Report released on escaped prescribed fire in northern Minnesota

The fire burned 1,008 acres on the Superior National Forest.

Foss Lake Fire

Above: Photo of the Foss Lake Fire, from the report.

A report has been released for a prescribed fire that escaped on May 19, 2016 and burned an unexpected 1,008 acres 10 miles west of Ely, Minnesota. The U.S. Forest Service had intended to burn 78 acres, but extremely dry conditions and winds pushed a spot fire beyond the capabilities of the Hotshot crew and the engine initially assigned to the project. The fire danger index for the Energy Release Component at the time was setting 20-year maximums.

Foss Lake Fire map
The perimeter of the planned prescribed fire is outlined in black, in the gray shaded area. The escaped area is in red.

You can read the entire report here, but below are highlights:

  • Some of the firefighting resources listed as contingency forces in the burn plan were national resources not committed to the prescribed fire and were assigned to other fires when needed on the escape.
  • According to a spot weather forecast the conditions that morning were at the hot end of the prescription and in the afternoon may go out of prescription. There was a discussion about possibly having to pause ignition for a period of time in the afternoon.
  • The test fire began at 11:40 a.m. Soon thereafter the primary ignition began.
  • Within 40 minutes of starting the test fire spot fires began to occur near the fireline, but they were suppressed. At 12:50 p.m. a larger spot fire, 1/4 to 1/2 acre, was discovered 100 yards north of the main burn by firefighters patrolling in a canoe. The firing boss ordered the igniters to slow down.
  • When the larger spot fire occurred, firefighters installed a hose lay from a river to the site but were not able to start a pump to supply the water. A replacement pump that had been working in another area that day was brought in but it also refused to run.
  • At 12:53 p.m. a water-scooping Beaver air tanker that could carry up to 130 gallons of water was requested by the Zone Fire Management Officer (ZFMO) who was at the site, and 11 minutes later he asked for a Type 3 helicopter.
  • At 1:41 p.m. personnel on the fire declined offers or suggestions for “heavy aircraft” and also a Type 1 helicopter that had become available.
  • Between 1:59 p.m. and 2:26 p.m. personnel on the fire requested the Type 1 helicopter, air attack, two 20-person crews, a CL-415 scooping air tanker, and two large air tankers.
  • At 2:07 p.m. the Burn Boss declared the escaped fire to be a wildfire and began shutting down the original prescribed fire.
  • At approximately 1700 a Type 2 Incident Management Team was ordered for the escaped wildfire, which was then several hundred acres in size.
  • At 10:09 p.m. all personnel on the prescribed and escaped fires were released and returned to Ely.

Our original report on the escaped prescribed fire last May.

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Author: Bill Gabbert

After working full time in wildland fire for 33 years, he continues to learn, and strives to be a Student of Fire.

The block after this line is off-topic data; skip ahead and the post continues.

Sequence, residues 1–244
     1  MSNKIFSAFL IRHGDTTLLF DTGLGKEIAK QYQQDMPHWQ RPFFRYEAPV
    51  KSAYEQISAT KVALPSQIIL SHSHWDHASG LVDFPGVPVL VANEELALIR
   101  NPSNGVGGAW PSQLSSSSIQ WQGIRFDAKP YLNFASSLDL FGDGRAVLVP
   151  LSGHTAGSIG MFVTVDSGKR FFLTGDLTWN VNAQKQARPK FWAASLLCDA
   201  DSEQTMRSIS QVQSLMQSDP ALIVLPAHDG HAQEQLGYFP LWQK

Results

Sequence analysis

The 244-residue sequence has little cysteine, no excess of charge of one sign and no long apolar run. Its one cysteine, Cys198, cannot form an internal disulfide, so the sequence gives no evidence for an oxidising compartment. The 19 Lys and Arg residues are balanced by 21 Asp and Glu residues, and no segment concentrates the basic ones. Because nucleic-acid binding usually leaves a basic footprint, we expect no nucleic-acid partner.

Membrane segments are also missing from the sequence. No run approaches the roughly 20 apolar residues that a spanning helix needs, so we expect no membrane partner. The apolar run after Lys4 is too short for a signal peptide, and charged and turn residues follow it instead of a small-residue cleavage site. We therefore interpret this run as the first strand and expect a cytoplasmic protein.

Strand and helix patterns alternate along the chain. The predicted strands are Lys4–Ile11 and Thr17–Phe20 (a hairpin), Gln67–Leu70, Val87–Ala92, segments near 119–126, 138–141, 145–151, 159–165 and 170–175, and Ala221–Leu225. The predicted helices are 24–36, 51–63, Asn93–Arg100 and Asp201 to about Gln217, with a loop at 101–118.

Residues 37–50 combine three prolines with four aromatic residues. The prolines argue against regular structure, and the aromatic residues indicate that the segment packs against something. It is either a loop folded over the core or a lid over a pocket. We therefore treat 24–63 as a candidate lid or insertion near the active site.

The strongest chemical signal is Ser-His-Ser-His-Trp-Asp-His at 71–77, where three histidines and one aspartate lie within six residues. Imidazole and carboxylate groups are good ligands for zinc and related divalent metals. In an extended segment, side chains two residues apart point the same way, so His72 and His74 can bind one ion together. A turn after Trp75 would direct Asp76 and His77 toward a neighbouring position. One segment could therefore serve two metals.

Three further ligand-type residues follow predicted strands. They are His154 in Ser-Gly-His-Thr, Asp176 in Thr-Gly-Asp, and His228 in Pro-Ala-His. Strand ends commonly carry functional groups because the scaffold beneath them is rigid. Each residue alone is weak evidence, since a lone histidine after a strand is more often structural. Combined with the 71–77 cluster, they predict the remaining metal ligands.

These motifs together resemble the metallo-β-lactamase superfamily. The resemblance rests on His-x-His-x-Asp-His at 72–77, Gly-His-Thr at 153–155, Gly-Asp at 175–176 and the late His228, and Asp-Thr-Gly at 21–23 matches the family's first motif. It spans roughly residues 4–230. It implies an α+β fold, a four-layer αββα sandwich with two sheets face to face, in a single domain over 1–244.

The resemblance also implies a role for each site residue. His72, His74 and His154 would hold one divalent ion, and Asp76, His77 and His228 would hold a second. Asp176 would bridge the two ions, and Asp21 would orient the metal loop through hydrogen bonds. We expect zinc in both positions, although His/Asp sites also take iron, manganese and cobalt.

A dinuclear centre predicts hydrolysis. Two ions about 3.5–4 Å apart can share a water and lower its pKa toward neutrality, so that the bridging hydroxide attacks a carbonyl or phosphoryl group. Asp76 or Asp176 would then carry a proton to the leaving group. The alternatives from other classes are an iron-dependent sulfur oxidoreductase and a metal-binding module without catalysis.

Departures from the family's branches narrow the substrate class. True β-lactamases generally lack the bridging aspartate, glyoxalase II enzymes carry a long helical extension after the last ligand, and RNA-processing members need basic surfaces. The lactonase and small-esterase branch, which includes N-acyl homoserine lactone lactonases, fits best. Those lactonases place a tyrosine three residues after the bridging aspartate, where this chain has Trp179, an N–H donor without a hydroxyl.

One thought on “Report released on escaped prescribed fire in northern Minnesota”

  1. Another interesting read in Wildfire Today.

    As a Monday morning quarterback it is easy to see where things could have been done differently on this PB. One item from the report that raised a flag was the use of the Canadian Fire Weather Index (FWI). The fuel types found in northern Minnesota are the same as those in the Thunder Bay / Fort Frances Districts in Ontario. Therefore, the Canadian Fire Danger Indices should aid fire behaviour situational awareness for any fire in the BWCAW or Superior National Forest. According to the report, the fine fuel moisture code (FFMC) on ignition day was 93. That number would raise the level of concern for Canadian firefighters based on our familiarity with the FWI system.

    For the readers not familiar with the FWI and it’s FFMC, here is a brief overview of the FFMC values from Natural Resources Canada. The FFMC indicates the relative ease of ignition of fine fuels with the code running from 0 to 101. At values under 74, there is little chance of ignitions, and 80 is where there is continuous surface fire spread. When the FFMC is above 89 there is a high probability of spot fires; fire danger ratings would be High to Extreme. A quick rule of thumb is 101 minus the FFMC equates to the approximate fine fuel moisture content.

    During my fire career in northwestern Ontario, I had the opportunity to learn from, and work for a gentleman by the name of Jim Moorley. Many of us remember some of his “old school” sayings that related to situational awareness. He liked to remind us that when the FFMC is above 91, we should expect problems, and have a tanker in your pocket. We also knew how fires burning at these FFMC levels would respond instantly to small-scale increases in wind speed. Based on the indices for the Foss Lake Prescribed Fire, which were at the high end of the prescription, it would have been nice to have a pair of CL-415’s sitting in Ely.

    From the report:
    Element 7 Prescription: Many times the Environmental Prescription is developed through
    experience and knowledge of the area’s weather. There is a need to include the wind conversion factor in the Burn Plan. The Canadian Indices are a good reference, but for only those that are familiar with them. Burn personnel need to be very careful and identify which indices you are using and ensure they correlate with each other.

    In my opinion, better knowledge of the FWI, FFMC, and the Initial Spread Index (ISI) may have influenced the decision to “drop the match” on this prescribed burn.


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